Thursday, September 18, 2008

Anti-Money Laundering and Counter Terrorist Financing in the Middle East

Executive magazine

Since 9/11 the issue of combating money laundering and terrorist financing has taken on greater importance for the banking and financial sectors, forcing institutions to shake up their administrative divisions to comply with regulations as well as apply initiatives like ‘know-your-customer’ at the branch level. It’s been a costly and time consuming process, but with the Middle East and North Africa (MENA) region a focus of international anti money laundering (AML) and counter terrorism financing (CTF) initiatives, central banks and financial institutions were left with little choice.
The USA’s Patriot Act has been the main driver, sections 311 and 314 in particular, calling for ‘Special measures for jurisdictions, financial institutions, or international transactions of primary money laundering concern,’ and in Section 314, ‘Cooperative efforts to deter money laundering.’ The seriousness of these requirements cannot be downplayed.
Unless MENA banks comply, they will be unable to have a representative bank or depository in the US, and other day-to-day operations, such as letters of credit, face heightened suspicion if not downright refusal. Furthermore, failure to comply with the Patriot Act and the OECD’s Financial Action Task Force’s 40 Recommendations on money laundering (ML) plus 9 Special Recommendations on terrorist financing (TF) can blacklist a country and its banks, as the Commercial Bank of Syria and Iranian banks currently face. Additionally, the consequences of non-compliance are not just operation- and reputation-related but also financial, with Arab Bank fined $24 million in 2005 by US banking regulators for failing to implement AML controls at its New York branch.
The costs of implementing AML and CTF compliance certainly outweigh the risks, but are nonetheless costing institutions a pretty penny, whether installing new software, employing and training staff, or building up a compliance division. Middle Eastern banks are cagey about releasing such figures, but for an idea of the costs involved, a Pricewaterhouse Coopers report in Australia estimated the cost of AML/CTF compliance for a financial institution at $48 million to $96 million.
A recent survey by KPMG found that from around the globe, the regions that recorded the highest increase in costs of AML compliance were, “unsurprisingly,” North America and the Middle East/Africa. “This reflects the significant legal and regulatory changes in the US, and the wider impact of the extra-territorial provision of US law around the world,” the report noted. Middle East-Africa banks average percentage increase in AML investment between 2001-2004 was 68%, and between 2004-2007 an estimated 70%.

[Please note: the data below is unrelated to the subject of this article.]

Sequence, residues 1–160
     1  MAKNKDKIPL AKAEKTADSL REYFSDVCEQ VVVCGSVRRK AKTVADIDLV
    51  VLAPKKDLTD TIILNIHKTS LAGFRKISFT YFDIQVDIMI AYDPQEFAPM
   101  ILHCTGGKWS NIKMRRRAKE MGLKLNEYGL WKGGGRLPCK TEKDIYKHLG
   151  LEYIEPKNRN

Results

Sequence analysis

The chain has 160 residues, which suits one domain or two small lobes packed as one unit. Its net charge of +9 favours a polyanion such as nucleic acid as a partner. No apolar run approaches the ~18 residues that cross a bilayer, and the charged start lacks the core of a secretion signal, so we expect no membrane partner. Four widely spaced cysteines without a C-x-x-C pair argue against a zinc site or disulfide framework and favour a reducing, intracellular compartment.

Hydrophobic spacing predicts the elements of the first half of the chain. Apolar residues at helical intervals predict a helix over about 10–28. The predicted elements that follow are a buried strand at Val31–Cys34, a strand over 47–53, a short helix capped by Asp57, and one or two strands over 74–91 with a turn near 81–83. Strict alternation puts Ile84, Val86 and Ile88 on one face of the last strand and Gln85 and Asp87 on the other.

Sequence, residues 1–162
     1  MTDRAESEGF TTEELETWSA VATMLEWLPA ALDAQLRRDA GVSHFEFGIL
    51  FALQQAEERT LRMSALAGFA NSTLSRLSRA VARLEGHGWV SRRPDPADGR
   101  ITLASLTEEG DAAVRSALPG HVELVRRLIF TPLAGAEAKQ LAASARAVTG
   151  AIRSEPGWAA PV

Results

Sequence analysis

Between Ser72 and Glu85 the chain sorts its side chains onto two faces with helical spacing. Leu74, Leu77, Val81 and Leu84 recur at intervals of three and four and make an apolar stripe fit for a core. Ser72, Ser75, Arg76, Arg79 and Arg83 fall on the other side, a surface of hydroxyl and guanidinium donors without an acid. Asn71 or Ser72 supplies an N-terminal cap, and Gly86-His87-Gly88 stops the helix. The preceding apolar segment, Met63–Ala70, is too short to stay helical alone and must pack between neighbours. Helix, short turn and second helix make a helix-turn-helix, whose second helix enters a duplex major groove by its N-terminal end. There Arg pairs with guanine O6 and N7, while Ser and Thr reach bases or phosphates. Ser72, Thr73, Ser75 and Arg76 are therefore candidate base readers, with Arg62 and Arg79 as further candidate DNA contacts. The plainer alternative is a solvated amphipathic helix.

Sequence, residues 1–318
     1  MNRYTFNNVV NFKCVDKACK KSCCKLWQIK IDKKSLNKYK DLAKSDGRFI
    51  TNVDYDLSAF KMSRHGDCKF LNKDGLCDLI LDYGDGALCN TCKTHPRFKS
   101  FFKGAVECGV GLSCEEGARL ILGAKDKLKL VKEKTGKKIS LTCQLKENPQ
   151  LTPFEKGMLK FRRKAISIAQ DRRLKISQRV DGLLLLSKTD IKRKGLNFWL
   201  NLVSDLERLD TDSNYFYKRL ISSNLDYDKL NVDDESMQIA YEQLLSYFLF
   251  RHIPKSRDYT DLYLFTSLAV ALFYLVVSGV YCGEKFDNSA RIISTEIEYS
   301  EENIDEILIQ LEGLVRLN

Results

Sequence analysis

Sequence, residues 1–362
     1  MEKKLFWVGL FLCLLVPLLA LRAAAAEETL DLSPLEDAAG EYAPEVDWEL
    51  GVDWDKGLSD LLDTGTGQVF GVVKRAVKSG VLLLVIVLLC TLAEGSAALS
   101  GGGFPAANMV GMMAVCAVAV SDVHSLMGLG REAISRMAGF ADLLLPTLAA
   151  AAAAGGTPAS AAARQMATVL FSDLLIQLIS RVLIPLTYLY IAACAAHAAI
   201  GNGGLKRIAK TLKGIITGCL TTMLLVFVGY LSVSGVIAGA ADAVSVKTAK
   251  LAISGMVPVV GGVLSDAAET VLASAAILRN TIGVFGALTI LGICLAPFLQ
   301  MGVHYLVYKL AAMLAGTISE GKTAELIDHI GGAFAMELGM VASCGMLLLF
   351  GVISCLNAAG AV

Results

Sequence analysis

In terms of cost, topping the list was enhanced transaction monitoring, greater provision of training, sanctions compliance, remediation of ‘know your customer’ documentation, and transaction ‘look-back’ reviews.

Need for more regulation

The region has been fairly successful in curbing money laundering and terrorist financing, at least according to official accounts, with the Middle East North Africa-Financial Action Task Force (MENA-FATF), a regional body based in Bahrain, claiming a 90% decline since the body was set up in late 2004.
But tackling ML and TF is a slippery business, as heads of financial intelligence units and compliance officers unabashedly make clear. Indeed, ML and TF is considered to occur more in major financial centers, such as London and Frankfurt, where there is greater safety in numbers, than in the smaller and more risk associated markets of parts of the Middle East.
The countries in the MENA region that have warranted censure, Iran and Syria, are arguably lower in the money laundering stakes than the likes of Dubai, and in terms of terrorist financing, Saudi Arabia.
But the matter is politically tinged (see Islamic Banks and TF article, page xx), as a private sector dialogue with the US government attended by all the region’s major banks in Cairo a few years ago highlighted when there was a heated discussion about what constitutes a terrorist group. The 5% that were in disagreement concerned Hamas and Hizbullah, two groups at the top of US concerns with TF that also enjoy popular support around the Middle East, including Saudi Arabia, a known financial backer of Hamas.
Politics aside, banks are making noticeable progress in tackling ML and TF, but there is still reluctance amongst Middle Eastern banks to voluntarily adopt higher AML standards in line with global policies as it would put them at a competitive disadvantage. This was reflected in the declining importance senior management placed on AML issues in the KPMG survey, with 88% of respondents in 2004 citing AML as a high profile issue, but by 2007 only 54%.
There is optimism however, with 84% of respondents from banks in the UAE expressing the view that AML regulations should be increased. Indeed, although MENA-FATF has been carrying out country evaluations, to improve AML and CTF in the region commercial and retail banks need to be encouraged to do more, for their reputation as much as curbing money laundering and terrorist financing.

Photo by Paul Cochrane

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